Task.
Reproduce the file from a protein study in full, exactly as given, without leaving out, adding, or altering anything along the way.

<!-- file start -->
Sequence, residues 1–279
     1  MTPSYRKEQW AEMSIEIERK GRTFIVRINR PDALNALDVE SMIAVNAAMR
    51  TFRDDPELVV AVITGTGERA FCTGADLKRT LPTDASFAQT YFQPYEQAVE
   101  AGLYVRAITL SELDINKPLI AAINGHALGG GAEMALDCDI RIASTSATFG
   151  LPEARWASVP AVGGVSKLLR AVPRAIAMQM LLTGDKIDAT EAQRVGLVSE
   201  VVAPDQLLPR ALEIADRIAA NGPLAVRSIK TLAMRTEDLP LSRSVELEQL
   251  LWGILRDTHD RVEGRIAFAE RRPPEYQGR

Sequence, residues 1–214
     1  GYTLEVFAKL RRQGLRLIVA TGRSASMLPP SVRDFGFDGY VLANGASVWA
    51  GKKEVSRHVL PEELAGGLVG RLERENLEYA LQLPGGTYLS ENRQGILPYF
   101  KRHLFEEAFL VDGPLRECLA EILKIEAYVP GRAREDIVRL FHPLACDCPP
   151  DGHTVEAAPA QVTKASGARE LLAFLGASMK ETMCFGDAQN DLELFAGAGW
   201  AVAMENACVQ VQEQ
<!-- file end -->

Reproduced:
Sequence, residues 1–279
     1  MTPSYRKEQW AEMSIEIERK GRTFIVRINR PDALNALDVE SMIAVNAAMR
    51  TFRDDPELVV AVITGTGERA FCTGADLKRT LPTDASFAQT YFQPYEQAVE
   101  AGLYVRAITL SELDINKPLI AAINGHALGG GAEMALDCDI RIASTSATFG
   151  LPEARWASVP AVGGVSKLLR AVPRAIAMQM LLTGDKIDAT EAQRVGLVSE
   201  VVAPDQLLPR ALEIADRIAA NGPLAVRSIK TLAMRTEDLP LSRSVELEQL
   251  LWGILRDTHD RVEGRIAFAE RRPPEYQGR

Sequence, residues 1–214
     1  GYTLEVFAKL RRQGLRLIVA TGRSASMLPP SVRDFGFDGY VLANGASVWA
    51  GKKEVSRHVL PEELAGGLVG RLERENLEYA LQLPGGTYLS ENRQGILPYF
   101  KRHLFEEAFL VDGPLRECLA EILKIEAYVP GRAREDIVRL FHPLACDCPP
   151  DGHTVEAAPA QVTKASGARE LLAFLGASMK ETMCFGDAQN DLELFAGAGW
   201  AVAMENACVQ VQEQ